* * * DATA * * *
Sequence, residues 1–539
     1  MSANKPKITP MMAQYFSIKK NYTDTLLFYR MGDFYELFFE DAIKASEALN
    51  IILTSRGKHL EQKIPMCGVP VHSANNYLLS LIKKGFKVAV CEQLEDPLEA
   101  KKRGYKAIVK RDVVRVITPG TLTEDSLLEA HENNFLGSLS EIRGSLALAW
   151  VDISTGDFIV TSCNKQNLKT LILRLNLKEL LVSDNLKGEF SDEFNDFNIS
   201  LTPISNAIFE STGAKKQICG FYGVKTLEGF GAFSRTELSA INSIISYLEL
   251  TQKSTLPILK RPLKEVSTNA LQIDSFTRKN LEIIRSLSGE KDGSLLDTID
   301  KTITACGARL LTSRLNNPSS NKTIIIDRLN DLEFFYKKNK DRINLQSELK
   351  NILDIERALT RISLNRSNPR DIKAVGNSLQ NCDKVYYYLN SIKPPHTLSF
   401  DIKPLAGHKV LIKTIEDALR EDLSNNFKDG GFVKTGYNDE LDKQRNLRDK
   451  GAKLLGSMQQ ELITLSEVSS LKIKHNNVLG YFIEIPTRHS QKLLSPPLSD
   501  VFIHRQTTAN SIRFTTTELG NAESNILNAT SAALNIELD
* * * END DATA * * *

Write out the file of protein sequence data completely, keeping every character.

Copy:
Sequence, residues 1–539
     1  MSANKPKITP MMAQYFSIKK NYTDTLLFYR MGDFYELFFE DAIKASEALN
    51  IILTSRGKHL EQKIPMCGVP VHSANNYLLS LIKKGFKVAV CEQLEDPLEA
   101  KKRGYKAIVK RDVVRVITPG TLTEDSLLEA HENNFLGSLS EIRGSLALAW
   151  VDISTGDFIV TSCNKQNLKT LILRLNLKEL LVSDNLKGEF SDEFNDFNIS
   201  LTPISNAIFE STGAKKQICG FYGVKTLEGF GAFSRTELSA INSIISYLEL
   251  TQKSTLPILK RPLKEVSTNA LQIDSFTRKN LEIIRSLSGE KDGSLLDTID
   301  KTITACGARL LTSRLNNPSS NKTIIIDRLN DLEFFYKKNK DRINLQSELK
   351  NILDIERALT RISLNRSNPR DIKAVGNSLQ NCDKVYYYLN SIKPPHTLSF
   401  DIKPLAGHKV LIKTIEDALR EDLSNNFKDG GFVKTGYNDE LDKQRNLRDK
   451  GAKLLGSMQQ ELITLSEVSS LKIKHNNVLG YFIEIPTRHS QKLLSPPLSD
   501  VFIHRQTTAN SIRFTTTELG NAESNILNAT SAALNIELD